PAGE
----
Community energy will take brunt of subsidy cuts, warn Scotland and Wales

Community energy schemes will be hit hardest by Amber Rudd's recent energy subsidy shake-up, ministers from Scotland and Wales have warned.

Scotland Energy Minister Fergus Ewing and Wales Natural Resources Minister Carl Sargeant have written to Rudd urging her to support community schemes

Scotland Energy Minister Fergus Ewing and Wales Natural Resources Minister Carl Sargeant have written to Rudd urging her to support community schemes

Scotland Energy Minister Fergus Ewing and Wales Natural Resources Minister Carl Sargeant have co-authored an open letter to Rudd urging her to consider new ways to support community schemes.

The two ministers were particularly critical of Rudd’s move to stop the Renewables Obligation subsidy for new onshore wind projects from 1 April 2016, and her plan to scrap pre-accreditation for the Feed-in Tariff scheme which supports projects below 5MW.

Pre-accreditation essentially gives renewable energy generators a guaranteed tariff level in advance of commissioning their installation.

The letter said that community groups had less capital and were therefore more likely to be risk averse. They also have limited ability to progress projects quickly, making them more likely to be hit by Rudd’s rule changes than commercial groups.

The letter stated: “The net outcome is therefore likely to be that the remaining developments that can be funded under the Levy Control Framework will be commercial; the small scale industry will go into a hiatus until either the retail price of electricity, or advances in storage and local supply, make projects commercially viable without subsidy.”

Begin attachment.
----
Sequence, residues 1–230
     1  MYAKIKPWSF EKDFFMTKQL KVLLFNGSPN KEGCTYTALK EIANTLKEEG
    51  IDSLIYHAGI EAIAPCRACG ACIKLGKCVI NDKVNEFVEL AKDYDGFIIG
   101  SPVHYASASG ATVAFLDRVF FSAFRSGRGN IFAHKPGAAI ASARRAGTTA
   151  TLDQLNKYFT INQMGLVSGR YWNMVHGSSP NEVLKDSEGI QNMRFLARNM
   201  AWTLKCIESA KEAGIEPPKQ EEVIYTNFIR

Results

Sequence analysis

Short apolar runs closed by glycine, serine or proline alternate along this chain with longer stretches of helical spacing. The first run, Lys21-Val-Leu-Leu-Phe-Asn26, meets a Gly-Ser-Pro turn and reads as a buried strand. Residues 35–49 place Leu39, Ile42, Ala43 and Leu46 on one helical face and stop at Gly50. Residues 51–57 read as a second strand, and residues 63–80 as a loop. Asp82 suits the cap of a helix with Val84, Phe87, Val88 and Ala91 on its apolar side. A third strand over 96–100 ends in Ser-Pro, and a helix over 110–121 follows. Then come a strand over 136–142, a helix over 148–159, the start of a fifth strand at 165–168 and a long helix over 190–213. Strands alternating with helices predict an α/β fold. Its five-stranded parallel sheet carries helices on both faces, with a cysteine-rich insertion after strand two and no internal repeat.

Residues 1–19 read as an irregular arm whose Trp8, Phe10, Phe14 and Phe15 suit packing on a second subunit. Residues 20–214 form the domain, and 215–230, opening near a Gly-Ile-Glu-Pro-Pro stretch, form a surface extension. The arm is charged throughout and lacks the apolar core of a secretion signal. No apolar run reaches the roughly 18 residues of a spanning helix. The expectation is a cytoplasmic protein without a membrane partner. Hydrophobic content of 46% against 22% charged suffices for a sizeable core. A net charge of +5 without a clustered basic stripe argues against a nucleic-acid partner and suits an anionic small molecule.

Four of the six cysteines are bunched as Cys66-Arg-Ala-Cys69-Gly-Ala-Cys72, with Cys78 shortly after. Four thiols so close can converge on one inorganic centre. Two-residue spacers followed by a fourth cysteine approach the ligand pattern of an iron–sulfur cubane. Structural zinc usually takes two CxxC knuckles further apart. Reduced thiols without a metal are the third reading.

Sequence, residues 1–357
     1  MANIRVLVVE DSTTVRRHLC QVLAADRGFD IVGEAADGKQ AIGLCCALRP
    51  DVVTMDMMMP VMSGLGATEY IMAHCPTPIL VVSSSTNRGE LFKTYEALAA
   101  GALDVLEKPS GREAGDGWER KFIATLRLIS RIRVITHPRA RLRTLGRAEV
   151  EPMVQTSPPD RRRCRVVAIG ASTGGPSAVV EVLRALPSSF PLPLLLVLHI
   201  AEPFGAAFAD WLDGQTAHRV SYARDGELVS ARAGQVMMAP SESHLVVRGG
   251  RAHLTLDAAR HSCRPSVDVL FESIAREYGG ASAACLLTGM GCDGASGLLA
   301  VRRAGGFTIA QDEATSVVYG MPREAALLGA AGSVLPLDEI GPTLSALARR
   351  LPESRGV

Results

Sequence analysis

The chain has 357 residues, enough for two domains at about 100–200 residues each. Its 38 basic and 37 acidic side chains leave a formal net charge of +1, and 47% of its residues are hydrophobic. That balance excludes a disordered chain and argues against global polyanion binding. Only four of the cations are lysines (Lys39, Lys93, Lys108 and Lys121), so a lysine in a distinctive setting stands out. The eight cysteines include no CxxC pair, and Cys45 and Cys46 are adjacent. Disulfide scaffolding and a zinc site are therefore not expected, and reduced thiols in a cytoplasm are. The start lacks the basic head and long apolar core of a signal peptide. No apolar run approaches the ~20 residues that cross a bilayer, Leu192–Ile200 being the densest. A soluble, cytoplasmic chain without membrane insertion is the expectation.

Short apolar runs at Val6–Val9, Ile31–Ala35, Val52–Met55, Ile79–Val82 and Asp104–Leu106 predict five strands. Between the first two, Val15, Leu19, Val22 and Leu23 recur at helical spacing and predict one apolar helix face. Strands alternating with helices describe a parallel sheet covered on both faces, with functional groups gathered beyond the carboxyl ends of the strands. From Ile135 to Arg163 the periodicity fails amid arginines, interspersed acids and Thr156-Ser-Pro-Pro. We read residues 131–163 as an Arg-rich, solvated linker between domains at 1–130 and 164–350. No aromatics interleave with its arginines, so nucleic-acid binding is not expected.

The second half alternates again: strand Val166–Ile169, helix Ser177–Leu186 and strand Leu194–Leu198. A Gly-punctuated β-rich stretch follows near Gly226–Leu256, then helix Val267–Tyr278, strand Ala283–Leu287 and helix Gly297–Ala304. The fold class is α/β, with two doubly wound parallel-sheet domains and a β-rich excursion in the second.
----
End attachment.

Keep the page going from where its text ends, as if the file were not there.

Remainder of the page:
Open dialogue

The ministers' letter added that the Scottish and Welsh Governments could not support Rudd’s changes, based as they were “on such short-termism”.

“Given that it is likely to leave future administrations to fund the long term costs, and these economic and climate impacts lie within our devolved remits, we are very concerned about the lack of involvement in this decision”.

In a separate statement, Ewing said local ownership of renewable projects helped tackle challenges like grid constraints and fuel poverty, while at the same time sparking economic revival.

He said: “There are many communities who have invested significant amounts of money in renewables schemes and have now found the goal posts have been moved, putting crucial investment and jobs at risk.

"On the Isle of Lewis we have the largest community-owned wind farm in the UK at 9MW. This will generate around £1 million each year for the local community who will decide how to spend that money. However, potentially the future of other projects like this could be under threat as a result of the recent announcements by the UK Government, and it will be tragic if these opportunities are lost to future communities.

“We will continue to discuss with the UK Government ways that community schemes with shared ownership can be encouraged under all support schemes and in the meantime, the Scottish Government will continue to support community energy schemes using the powers available to us.”

Amber Rudd and undersecretary Lord Nick Bourne have frequently stated that the subsidy cuts are needed to drive down energy bills and protect consumers

Full text of the letter sent to Amber Rudd

 Brad Allen


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